At the beginning of November last year, Alejandro Delgado, former president of the National Institute of Entrepreneurs (INADEM), took the stage of the INC Mty Festival, organized by the TEC of Monterrey, to give a story: The agency in charge was about to disappear.
He had been notified by members of the incoming administration of President Andrés Manuel López Obrador, who pointed out that the institute would not be part of their plans as they would take a different path in terms of policies related to entrepreneurship.
The fact meant at the time uncertainty for entrepreneurs, especially because there was no clarity around two things: The first, if the ecosystem would be able to survive a disappearance of this nature, and, the second, who could be in charge take their place in terms of the capital injection given to startups.
Almost a year away from this fact both answers have been resolved, as indicated in an interview with Forbes Mexico, Rogelio de los Santos, co-founder of Dalus Capital, and Hugo Garza Medina, director of the Entrepreneurship Institute of the TEC of Monterrey.
And the assessment that, in general, both make to what happened this year with entrepreneurship is positive, since even though INADEM did indeed disappear, the ecosystem has continued to advance positively.
“Entrepreneurs have the best voice, but the reality is that the ecosystem had the ability to turn the issue around and keep moving forward despite the disappearance of the institute”, said De los Santos.
From his point of view, what happened with this fact that was generated is that things were rebalanced, without impact entrepreneurship projects being generated in any way.
“In my opinion, what was put to the test with this fact was the capacity of connection and development that the community related to entrepreneurship had, including all its players, and the perspective I have is that it was possible to continue advancing in the ecosystem”, said the co-founder of Dalus Capital.
On the other hand, regarding who could take the place vacated by INADEM, De los Santos said that throughout this year the appearance of foreign funds interested in projects in Mexico and throughout Latin America has intensified.
“The reality is that one of the biggest concerns in this case was that of capital, however, this year numerous actors related to the Silicon Valley environment have arrived in the country that gradually began to invest in the companies here”, he said.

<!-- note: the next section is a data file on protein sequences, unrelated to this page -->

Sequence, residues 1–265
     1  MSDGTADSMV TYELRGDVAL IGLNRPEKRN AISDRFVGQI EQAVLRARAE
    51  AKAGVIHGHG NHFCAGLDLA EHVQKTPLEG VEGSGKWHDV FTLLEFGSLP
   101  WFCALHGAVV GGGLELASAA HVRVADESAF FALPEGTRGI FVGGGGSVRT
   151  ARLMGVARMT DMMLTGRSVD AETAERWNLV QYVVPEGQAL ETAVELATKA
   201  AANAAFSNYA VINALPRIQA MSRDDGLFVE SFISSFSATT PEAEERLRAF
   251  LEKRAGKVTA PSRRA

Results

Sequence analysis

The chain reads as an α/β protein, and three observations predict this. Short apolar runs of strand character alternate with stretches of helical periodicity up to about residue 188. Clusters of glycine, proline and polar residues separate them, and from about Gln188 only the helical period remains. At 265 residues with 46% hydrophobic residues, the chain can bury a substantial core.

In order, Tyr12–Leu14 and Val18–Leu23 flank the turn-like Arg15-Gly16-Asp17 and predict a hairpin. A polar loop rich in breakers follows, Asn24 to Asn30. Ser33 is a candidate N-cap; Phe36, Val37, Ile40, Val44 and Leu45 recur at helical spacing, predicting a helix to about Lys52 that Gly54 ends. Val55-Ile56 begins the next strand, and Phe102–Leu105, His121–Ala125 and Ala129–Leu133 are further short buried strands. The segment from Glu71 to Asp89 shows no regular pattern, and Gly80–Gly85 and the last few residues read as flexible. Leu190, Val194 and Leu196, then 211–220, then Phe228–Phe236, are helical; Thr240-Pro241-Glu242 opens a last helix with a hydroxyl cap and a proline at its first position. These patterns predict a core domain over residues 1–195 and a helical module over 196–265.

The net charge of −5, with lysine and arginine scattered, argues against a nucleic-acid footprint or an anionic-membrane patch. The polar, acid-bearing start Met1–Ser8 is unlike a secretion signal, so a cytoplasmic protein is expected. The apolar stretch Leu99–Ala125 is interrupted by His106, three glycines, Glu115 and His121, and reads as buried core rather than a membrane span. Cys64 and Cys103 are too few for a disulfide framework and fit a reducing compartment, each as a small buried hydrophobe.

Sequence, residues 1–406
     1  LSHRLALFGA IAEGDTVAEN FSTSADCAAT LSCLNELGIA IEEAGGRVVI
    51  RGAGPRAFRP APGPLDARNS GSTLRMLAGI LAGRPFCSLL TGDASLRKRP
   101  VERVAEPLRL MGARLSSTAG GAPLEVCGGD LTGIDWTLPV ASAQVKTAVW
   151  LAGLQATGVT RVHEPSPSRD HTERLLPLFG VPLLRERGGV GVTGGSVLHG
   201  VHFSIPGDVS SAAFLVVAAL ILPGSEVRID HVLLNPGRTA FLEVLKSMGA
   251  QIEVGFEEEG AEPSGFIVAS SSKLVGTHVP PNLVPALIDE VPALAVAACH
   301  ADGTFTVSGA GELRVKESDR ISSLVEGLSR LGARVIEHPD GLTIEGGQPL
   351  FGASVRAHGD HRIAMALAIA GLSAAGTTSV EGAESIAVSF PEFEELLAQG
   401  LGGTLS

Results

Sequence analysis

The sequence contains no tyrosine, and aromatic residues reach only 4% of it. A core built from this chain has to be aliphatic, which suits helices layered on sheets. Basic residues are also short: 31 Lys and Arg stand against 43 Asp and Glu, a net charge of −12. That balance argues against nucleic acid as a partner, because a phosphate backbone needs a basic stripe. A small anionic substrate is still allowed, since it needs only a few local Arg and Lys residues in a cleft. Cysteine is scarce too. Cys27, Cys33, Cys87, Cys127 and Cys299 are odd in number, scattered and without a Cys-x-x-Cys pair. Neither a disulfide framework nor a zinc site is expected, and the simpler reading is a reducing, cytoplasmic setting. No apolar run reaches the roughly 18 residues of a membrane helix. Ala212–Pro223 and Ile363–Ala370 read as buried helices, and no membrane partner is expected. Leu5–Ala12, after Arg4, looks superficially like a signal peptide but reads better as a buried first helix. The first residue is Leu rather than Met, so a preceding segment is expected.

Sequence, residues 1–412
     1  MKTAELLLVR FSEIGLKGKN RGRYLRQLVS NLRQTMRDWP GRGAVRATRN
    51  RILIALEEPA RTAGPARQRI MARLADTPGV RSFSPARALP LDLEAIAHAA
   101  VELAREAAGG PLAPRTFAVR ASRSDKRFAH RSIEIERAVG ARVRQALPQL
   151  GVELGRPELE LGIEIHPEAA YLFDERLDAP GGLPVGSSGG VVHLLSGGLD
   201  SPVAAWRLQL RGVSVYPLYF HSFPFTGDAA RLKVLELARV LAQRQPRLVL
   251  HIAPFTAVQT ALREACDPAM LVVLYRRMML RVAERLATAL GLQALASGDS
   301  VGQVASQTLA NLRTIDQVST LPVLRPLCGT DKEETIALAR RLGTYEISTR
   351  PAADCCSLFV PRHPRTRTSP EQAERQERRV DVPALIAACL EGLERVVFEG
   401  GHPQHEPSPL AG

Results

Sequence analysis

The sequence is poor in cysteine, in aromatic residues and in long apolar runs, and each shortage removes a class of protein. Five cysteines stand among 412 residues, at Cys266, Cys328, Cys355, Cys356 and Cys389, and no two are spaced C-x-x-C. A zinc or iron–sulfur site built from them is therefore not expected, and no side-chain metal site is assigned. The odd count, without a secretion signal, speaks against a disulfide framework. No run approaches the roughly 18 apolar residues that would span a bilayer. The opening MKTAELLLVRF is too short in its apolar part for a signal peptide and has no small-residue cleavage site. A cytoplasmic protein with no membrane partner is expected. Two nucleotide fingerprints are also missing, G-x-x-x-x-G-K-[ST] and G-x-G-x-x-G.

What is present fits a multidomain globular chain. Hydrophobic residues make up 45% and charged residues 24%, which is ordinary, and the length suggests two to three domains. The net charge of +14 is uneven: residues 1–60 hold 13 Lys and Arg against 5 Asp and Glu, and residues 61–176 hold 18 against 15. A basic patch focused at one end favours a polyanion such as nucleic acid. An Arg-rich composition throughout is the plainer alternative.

The most popular case in this regard was that of the Japanese giant Softbank, which arrived in the region with a fund of more than $ 5,000 million to invest, a figure that, according to De los Santos, could very likely double in the future.
Another slice of the cake, says Hugo Garza Medina, was taken by the different Mexican family offices, which have been increasing, both through funds and direct investment in startups, the capital they previously occupied for this issue.
“Monterrey has always been a forerunner in the issue of family offices and their investment in entrepreneurship, and this fact has been replicating this year throughout the country”, he says.
Finally, Garza Medina adds, also in this last year they have observed a growth in interest by companies and large corporations to intensify their presence within the entrepreneurial ecosystem.
“Today we see that there is already a new network of corporate venture capital, which involves many Mexican and multinational companies that are increasingly active in their investment initiatives in terms of entrepreneurship, we find teams within the companies fully focused on this work”, he says.
Strengthen the basics
Despite this positive outlook, Garza Medina says that it is important to continue working in Mexico not only to consolidate the venture, but to professionalize it, something that will give an opportunity to achieve even greater growth.
“We need to systematize the practice of entrepreneurship more, so that the founders of the new companies are very clear about the skills they need to learn to get their companies to develop”, he says.
In particular, in addition to working on things such as resilience in entrepreneurs, the head of the Entrepreneurship Institute of the TEC maintains that it is relevant that those who decide to open a company learn to detect opportunities and execute them.
“If you are an SME and you do not have the ability to locate the different opportunities to grow the business, you will always be small, so it is important that we continue to promote this capacity in entrepreneurs”, he concludes.
Also published on Medium.